2017: Discoveries In Music, Part I
At this point, it feels like there are more bands than people out there. There are definitely more releases, in every genre, than hours in the day. Not even the most reclusive hermit on a boatload of speed (hanging out with that dude would be a blast!) will hear every metal and metal-adjacent album and EP that came out this year. The best we can do is keep our ears open and hope something good falls into them once in a while.
The end of the year brings out the best-of lists, and ours will be up on Invisible Oranges at some point this month; there is only room for 20 albums there, and we've been posting our other favorites of 2017 across social media each day since Thanksgiving. However, there are some releases that slip through the cracks, whether it's because they come from an unfamiliar source or were just lost in the shuffle of a particularly busy time period during the year. One of Blood & Spirit's guiding principles is being a voice for the underground, no matter the outlet. What little exposure we might bring to a band (or movie, TV show, book, etc.) that we feel deserves the spotlight is our way of acknowledging the value they bring to us. So, yes, this is a very drawn-out way of saying: here are some releases that caught our ear in 2017 that maybe aren't quite top 20-ready, but are worth your time.
Cleveland just knows misery better. This noisy sludge trio have been around since 2006, but we only just heard then this year, with the release of their third full-length Acceptable Level Of Misery. Drawing a direct line to genre stalwarts like -(16)-, American Heritage and early Mastodon, DeathCrawl hit the sweet spot with flashes of southern metal, noise rock and modern Midwest death/doom (if you miss Coffinworm, don't sleep on these guys). Vocalist Jason Luchka has a secret weapon in his ability to hit the soaring, tortured clean-ish notes as well as the familiar sludge roars. Someone sign them, already!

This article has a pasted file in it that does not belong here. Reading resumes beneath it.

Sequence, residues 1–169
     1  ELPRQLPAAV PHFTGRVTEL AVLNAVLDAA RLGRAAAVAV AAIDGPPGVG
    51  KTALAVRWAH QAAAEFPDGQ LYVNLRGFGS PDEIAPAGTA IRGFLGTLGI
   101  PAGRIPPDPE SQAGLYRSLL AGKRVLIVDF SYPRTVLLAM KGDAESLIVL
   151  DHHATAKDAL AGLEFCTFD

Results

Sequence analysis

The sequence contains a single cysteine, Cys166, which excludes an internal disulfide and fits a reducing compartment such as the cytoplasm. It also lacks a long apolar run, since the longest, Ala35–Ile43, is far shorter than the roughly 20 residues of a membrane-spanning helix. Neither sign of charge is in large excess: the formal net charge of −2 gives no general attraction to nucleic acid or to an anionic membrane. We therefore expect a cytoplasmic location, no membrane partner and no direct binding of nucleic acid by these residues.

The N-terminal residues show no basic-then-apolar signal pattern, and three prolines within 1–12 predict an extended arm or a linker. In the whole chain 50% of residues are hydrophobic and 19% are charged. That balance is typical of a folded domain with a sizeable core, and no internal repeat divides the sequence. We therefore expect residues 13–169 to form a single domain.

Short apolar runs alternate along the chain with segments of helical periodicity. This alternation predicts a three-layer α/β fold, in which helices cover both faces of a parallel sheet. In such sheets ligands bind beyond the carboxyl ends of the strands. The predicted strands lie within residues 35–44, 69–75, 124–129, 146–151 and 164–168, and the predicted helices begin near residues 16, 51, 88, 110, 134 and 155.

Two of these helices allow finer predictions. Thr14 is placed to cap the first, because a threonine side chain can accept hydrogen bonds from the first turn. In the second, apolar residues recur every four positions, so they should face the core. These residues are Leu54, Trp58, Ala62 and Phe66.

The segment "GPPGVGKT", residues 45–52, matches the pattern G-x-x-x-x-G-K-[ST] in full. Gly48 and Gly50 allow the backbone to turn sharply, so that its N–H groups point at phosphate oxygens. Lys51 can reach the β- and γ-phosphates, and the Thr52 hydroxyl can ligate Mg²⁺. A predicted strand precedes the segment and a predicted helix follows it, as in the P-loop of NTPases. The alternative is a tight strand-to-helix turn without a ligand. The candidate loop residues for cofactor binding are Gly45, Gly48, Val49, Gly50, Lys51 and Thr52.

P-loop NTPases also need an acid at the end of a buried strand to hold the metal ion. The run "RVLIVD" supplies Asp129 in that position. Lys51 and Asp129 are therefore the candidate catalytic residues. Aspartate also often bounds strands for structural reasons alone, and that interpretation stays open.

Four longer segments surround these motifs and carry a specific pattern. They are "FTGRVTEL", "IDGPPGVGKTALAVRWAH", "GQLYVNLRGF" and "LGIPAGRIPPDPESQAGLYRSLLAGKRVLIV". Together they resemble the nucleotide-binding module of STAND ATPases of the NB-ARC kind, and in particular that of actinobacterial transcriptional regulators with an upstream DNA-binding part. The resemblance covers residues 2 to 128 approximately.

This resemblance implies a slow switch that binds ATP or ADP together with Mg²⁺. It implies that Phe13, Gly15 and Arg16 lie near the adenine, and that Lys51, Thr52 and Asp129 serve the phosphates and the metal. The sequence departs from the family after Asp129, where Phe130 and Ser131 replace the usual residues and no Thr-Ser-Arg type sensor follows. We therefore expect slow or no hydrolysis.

A one-man homage to the glory days of NWOBHM, Haunt is the brainchild of Trevor William Church, guitarist/vocalist for Fresno classic doom upstarts Beastmaker. While his other duties are more preoccupied with the Pentagram/Black Sabbath end of things, Haunt sits firmly in early Eighties England. Debut EP Luminous Eyes revels in twin guitar riffing, classic solos and big vocal hooks. While Church is obviously more at home with a guitar than behind the kit, his rhythm section is serviceable and provides a decent foundation for the catchy songs he's come up with. If he ever decides to add a few players to the lineup, an opening slot on tour with Angel Witch is waiting.
While most metal fans are a passionate bunch, South Americans take the proverbial cake, set it on fire, and stuff it into a sacrificial goat. They're always at the front of the stage, headbanging like there's no tomorrow. That fervor extends to the bands, too; particularly the thrash and black metal scenes, which have been going at a relentless pace for nearly three decades. Cobra, from the capital city of Bogota, are as good a representative as any. They've been cranking out modern, death-tinged thrash since 2002, and might have their best effort yet with this year's Sin Dominio del Tiempo. Cobra definitely have an affinity for Kreator, especially in frontman Adrian Manrique's snarled vocal delivery, but there are elements of both classic and extreme Euro-leaning metal woven throughout the album. It's a natural evolution, and one of countless examples of a thriving metal culture somewhere outside of our own.